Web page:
Both Pavic and Danielewski's books are examples of that unusual subgenre of fiction known as 'experimental novels', a term and concept originating, ironically enough, with Laurence Sterne's 18th century “The Life and Opinions of Tristram Shandy, Gentleman”, a book I've adored since early adolescence, not the least because the title character is the only one in fiction I've encountered besides Sir Tristram de Lyonesse to share my name. “Tristram Shandy” starts off a Dickensian autobiography, but the narrator continually gets sidetracked by tangents, anecdotes, and stream-of-consciousness ramblings that by the end of the book he still hasn't finished telling the story of his birth. All of this is punctuated by missing chapters, unusual arrangements of texts, strings of asterisks, and a whole subgenre of mishaps involving the engravings. It is a book about chaos, and it presents it in undiluted form.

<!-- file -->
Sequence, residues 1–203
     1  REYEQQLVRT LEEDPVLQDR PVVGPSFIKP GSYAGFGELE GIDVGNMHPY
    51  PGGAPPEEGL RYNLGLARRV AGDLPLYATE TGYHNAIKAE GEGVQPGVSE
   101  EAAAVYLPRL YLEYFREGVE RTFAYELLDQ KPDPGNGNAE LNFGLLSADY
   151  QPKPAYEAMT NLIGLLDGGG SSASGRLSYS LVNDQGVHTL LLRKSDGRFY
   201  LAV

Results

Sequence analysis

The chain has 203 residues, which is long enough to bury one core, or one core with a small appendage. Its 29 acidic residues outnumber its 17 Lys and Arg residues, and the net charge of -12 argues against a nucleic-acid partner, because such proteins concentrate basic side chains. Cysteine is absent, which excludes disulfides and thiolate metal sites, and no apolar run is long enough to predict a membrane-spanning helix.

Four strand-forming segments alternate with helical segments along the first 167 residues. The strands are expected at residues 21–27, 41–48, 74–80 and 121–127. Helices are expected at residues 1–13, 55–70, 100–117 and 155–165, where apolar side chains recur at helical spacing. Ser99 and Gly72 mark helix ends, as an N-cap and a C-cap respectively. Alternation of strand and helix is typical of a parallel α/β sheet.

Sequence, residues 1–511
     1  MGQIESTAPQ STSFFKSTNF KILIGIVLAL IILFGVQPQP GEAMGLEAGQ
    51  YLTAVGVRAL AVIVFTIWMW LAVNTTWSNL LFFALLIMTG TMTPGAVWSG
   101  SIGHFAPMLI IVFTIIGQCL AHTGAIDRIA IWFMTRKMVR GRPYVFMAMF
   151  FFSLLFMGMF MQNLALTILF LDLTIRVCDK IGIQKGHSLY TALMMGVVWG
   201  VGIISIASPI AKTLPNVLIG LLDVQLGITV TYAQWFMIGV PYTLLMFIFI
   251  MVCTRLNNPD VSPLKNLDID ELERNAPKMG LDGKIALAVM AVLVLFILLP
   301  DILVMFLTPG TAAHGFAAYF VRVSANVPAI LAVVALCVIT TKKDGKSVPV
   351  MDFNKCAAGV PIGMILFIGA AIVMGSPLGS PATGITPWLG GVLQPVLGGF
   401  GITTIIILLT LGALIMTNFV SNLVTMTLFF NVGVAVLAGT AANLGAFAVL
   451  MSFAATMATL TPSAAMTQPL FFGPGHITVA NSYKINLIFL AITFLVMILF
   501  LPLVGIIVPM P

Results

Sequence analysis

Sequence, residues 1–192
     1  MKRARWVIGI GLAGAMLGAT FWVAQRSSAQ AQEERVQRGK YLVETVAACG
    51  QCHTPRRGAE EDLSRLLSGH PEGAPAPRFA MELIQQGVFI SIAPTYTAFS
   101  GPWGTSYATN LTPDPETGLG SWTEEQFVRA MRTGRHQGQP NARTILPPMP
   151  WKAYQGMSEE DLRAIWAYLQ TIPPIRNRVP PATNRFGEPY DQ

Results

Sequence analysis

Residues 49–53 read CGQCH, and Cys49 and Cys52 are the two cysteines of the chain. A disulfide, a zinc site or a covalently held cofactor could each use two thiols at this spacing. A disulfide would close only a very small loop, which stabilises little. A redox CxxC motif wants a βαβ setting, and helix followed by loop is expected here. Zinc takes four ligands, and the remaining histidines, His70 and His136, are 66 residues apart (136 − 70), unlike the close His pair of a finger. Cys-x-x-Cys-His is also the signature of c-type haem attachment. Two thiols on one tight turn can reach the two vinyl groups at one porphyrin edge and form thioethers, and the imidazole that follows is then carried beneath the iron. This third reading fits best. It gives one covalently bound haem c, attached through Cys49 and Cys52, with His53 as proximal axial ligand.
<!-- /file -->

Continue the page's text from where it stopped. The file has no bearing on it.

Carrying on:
(Another significant example of “experimental literature” is James Joyce's “Finnegan's Wake”, perhaps the only 20th century English novel that requires a substantial amount of translation from it's readers, and begins with the end of a sentence, the beginning of which the book ends with, making the story truly circular.)
The format of the experimental novel appeals to me for many of the reasons I've stated above: it alters the relationship between a book and the reader, it plays with perceptions and expectations, & it uses this new analog to create an interactive reality. All of which were related to pushing the idea of subcreation, and coalesced in my mind as I figured out exactly the book (well, “books”, actually, there are 3 volumes) I wanted to write.